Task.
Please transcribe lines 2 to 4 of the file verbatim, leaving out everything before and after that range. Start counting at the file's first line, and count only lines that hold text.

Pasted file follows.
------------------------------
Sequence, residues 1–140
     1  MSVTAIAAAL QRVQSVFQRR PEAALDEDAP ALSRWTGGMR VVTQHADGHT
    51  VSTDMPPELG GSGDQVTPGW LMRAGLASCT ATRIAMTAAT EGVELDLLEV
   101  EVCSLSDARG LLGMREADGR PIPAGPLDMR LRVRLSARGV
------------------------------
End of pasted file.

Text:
     1  MSVTAIAAAL QRVQSVFQRR PEAALDEDAP ALSRWTGGMR VVTQHADGHT
    51  VSTDMPPELG GSGDQVTPGW LMRAGLASCT ATRIAMTAAT EGVELDLLEV
   101  EVCSLSDARG LLGMREADGR PIPAGPLDMR LRVRLSARGV